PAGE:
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NBA Twitter points to Chris Paul as source of ‘snitch hotline’ calls inside Orlando bubble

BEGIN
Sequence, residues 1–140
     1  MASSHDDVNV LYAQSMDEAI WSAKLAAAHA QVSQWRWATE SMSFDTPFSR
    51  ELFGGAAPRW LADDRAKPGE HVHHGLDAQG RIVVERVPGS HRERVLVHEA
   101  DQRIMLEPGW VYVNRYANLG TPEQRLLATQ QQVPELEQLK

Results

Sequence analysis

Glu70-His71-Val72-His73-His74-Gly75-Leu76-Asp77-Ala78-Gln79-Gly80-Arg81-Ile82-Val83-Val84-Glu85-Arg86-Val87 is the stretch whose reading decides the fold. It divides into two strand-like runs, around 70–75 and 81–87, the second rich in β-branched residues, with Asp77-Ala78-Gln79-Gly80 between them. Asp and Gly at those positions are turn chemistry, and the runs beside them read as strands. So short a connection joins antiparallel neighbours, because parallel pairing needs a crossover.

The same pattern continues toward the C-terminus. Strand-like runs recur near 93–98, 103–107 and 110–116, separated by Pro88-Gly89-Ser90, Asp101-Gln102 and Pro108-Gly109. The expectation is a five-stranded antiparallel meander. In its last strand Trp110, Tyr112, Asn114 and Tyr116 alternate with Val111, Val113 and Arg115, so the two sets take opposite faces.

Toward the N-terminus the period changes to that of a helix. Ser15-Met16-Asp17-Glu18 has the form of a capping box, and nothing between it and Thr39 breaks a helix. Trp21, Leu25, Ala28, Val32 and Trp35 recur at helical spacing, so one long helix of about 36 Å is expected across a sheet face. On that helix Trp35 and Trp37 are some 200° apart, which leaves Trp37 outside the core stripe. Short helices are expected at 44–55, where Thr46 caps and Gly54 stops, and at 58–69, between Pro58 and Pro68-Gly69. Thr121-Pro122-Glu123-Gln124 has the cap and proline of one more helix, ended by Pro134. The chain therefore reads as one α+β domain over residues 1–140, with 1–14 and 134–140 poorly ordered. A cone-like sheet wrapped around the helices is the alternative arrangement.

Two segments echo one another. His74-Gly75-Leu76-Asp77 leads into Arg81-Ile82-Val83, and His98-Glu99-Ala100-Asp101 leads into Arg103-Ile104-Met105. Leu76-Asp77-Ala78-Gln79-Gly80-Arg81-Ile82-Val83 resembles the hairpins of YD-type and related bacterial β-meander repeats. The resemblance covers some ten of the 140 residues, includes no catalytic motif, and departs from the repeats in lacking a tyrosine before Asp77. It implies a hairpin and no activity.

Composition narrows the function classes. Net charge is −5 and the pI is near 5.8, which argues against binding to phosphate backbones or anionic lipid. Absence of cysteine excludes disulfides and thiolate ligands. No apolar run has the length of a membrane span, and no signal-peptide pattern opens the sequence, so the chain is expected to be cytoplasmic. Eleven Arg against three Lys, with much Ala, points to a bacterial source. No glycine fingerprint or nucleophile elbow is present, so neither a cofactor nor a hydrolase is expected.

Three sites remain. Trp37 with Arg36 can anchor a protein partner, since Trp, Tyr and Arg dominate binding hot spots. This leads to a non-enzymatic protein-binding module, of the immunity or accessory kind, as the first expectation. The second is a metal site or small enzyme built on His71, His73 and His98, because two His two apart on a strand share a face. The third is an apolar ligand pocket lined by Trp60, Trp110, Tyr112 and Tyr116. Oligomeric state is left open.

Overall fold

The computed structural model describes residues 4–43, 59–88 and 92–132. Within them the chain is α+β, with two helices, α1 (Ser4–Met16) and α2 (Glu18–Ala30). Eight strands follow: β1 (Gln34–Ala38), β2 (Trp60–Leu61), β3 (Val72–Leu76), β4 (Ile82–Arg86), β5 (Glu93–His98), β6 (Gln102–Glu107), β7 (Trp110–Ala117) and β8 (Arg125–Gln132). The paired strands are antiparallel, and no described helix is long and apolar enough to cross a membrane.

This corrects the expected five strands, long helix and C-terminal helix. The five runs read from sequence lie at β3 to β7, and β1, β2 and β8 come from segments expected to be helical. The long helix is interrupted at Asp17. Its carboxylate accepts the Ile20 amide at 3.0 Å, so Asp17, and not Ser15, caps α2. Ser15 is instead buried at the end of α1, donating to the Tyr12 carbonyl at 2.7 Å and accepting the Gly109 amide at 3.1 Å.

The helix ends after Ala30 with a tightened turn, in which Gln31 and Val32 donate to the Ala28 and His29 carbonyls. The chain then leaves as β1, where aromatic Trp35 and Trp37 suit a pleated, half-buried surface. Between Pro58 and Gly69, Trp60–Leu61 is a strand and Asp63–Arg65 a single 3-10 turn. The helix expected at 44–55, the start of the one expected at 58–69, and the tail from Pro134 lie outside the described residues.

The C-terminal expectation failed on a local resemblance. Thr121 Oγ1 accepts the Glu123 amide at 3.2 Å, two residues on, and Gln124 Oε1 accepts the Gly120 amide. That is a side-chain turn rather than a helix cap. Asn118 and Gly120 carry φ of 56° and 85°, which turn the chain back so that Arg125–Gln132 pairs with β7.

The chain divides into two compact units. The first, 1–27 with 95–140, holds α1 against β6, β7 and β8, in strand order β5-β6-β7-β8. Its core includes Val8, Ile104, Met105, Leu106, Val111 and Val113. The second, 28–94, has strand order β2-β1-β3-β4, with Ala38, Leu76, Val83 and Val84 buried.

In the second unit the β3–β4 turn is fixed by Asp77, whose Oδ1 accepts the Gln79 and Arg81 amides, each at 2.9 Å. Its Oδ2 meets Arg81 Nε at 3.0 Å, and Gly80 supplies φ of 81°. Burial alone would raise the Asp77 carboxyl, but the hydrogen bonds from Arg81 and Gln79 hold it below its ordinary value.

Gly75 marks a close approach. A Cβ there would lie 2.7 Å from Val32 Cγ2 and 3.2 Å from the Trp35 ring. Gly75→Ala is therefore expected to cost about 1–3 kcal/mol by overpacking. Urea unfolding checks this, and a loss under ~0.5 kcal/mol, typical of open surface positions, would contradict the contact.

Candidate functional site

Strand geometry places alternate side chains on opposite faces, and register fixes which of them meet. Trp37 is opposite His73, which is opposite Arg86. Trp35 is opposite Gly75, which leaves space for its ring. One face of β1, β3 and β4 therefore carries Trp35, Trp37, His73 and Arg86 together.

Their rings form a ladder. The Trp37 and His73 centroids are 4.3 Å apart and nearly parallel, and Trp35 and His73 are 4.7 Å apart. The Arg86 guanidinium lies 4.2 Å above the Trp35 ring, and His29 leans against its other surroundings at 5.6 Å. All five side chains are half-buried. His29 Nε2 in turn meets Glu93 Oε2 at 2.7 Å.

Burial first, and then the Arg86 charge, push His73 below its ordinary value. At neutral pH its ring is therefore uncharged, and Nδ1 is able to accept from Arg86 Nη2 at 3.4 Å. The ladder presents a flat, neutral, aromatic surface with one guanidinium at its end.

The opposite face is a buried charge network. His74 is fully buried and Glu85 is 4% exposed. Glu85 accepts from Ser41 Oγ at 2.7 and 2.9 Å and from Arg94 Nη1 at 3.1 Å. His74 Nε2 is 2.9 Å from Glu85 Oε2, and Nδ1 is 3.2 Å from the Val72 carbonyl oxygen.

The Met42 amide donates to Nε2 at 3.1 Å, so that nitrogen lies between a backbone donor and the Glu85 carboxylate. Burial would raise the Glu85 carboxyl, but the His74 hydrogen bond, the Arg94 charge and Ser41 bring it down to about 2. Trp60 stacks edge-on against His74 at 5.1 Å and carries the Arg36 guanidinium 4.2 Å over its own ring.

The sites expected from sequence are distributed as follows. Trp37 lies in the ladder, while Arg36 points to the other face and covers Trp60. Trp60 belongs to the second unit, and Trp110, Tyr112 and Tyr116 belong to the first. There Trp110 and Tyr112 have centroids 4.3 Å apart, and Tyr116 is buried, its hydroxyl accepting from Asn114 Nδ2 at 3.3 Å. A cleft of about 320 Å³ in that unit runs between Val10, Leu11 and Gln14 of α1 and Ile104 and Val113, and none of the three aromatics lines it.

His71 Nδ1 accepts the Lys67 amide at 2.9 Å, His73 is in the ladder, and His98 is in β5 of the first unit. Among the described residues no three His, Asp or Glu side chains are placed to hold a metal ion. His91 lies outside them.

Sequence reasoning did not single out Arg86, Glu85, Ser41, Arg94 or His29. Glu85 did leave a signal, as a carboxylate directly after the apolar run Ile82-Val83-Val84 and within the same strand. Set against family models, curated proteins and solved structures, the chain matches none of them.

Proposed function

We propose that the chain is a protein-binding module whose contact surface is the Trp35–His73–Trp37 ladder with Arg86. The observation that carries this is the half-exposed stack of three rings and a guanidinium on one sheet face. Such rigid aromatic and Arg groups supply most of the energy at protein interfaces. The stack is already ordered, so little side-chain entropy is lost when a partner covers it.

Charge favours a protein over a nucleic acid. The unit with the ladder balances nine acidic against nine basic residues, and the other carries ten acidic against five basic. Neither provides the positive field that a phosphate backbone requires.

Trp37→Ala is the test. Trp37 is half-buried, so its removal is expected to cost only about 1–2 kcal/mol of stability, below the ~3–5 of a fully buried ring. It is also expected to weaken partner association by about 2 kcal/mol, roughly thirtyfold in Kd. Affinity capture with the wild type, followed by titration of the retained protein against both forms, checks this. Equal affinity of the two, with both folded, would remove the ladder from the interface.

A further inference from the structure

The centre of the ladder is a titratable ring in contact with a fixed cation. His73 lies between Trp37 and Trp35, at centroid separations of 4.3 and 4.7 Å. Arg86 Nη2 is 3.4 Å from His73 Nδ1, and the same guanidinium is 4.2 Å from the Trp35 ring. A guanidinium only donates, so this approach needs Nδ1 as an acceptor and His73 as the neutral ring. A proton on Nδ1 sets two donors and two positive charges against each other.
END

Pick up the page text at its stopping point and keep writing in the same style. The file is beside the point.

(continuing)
first_imgWhen the NBA shared its return plan and campus setup for the basketball “bubble” in Orlando, Fla., one minor element became a source of fascination for NBA Twitter: the anonymous tip hotline.The league has a system in place that allows NBA players to report potential rule violations, and apparently it is already working. On Tuesday, The Athletic’s Shams Charania reported that “multiple tips” have already been placed into the hotline ahead of the 2019-20 season restart. Multiple tips have been placed into the NBA’s anonymous hotline to report protocol violations on campus, sources tell @TheAthleticNBA @Stadium.— Shams Charania (@ShamsCharania) July 14, 2020Some players have received warnings from violations, sources said, as league ensures social distancing and mask protocols on campus. https://t.co/LSRX6cXWfP— Shams Charania (@ShamsCharania) July 14, 2020MORE: Kings player banished to quarantine in Orlando for food orderObviously if players fail to follow health and safety protocols, the NBA’s return is unlikely to last long. It makes sense that the league would do everything possible to avoid another suspension of play.However, some players view the tip hotline as more of a “snitch hotline.” Nets guard Spencer Dinwiddie, who won’t be joining his teammates in Orlando after testing positive for the coronavirus (COVID-19), went so far as to encourage players inside the “bubble” to hang up their hotel phones.”To all my fellow NBA players, don’t call the snitch hotline,” Dinwiddie told Bleacher Report’s Taylor Rooks.Asked Spencer Dinwiddie if he had a message for guys that are IN the bubble.I’m just gonna leave this here. I was not expecting him to say this. Lol pic.twitter.com/1xfbKVh3RW— Taylor Rooks (@TaylorRooks) July 14, 2020But the league office shouldn’t be concerned. NBA Twitter is confident All-Star guard Chris Paul will report all violations as quickly as possible. Shortly after Charania’s report hit social media, Twitter users identified the Thunder guard as the primary caller.hm … I wonder who it could be … https://t.co/CwSp0cGUnd pic.twitter.com/nRCwycLwsW— #RingerNBA (@ringernba) July 14, 2020“Yep, Buena Vista drive. Walked across the road and everything.” https://t.co/4iJo2Caqtg pic.twitter.com/KVWZjYCbQB— Josh Eberley🇨🇦 (@JoshEberley) July 14, 2020Chris Paul needs a hobby https://t.co/6fTaKhOXQI— Justin Ferguson (@JFergusonAU) July 14, 2020Chris Paul has like three different phones for this https://t.co/LXxlM7LndE— Duncan Smith (@DuncanSmithNBA) July 14, 2020A mysterious tipster named “IsChra AulPa” left 99% of them. https://t.co/6WY45F8G4K— John Hollinger (@johnhollinger) July 14, 2020Chris Paul right now https://t.co/EZtznP2pN5 pic.twitter.com/JEfO68ZDhs— Steadman™ (@AsteadWesley) July 14, 2020CP3 watching players take a extra juice box during lunchtime: pic.twitter.com/gFxIqnskyY— Rosa Parks’ Burner Account (@Rosasburner) July 14, 2020Play crazy and don’t wear your mask around Chris Paul if y’all want to….. pic.twitter.com/gqXMlwDI4j— Cameron Jacobs (@jacobs2124) July 14, 2020Chris Paul in the bubble ratting out his friends: pic.twitter.com/nFDKqfTRKn— Frank Ojeda (@UCLADodgerFrank) July 14, 2020Chris Paul looking out his window like pic.twitter.com/TCJf1qPgr2— World B Expensive (@WorldBExpensive) July 14, 2020Will Paul be responsible for every single tip? No, probably not. However, this is a man who figured out a way to manufacture points at the end of game via an obscure rule about properly wearing a jersey. His search for a competitive advantage never ends.So, yeah, NBA players should be on their best behavior — because you never know when Paul will be watching.last_img read more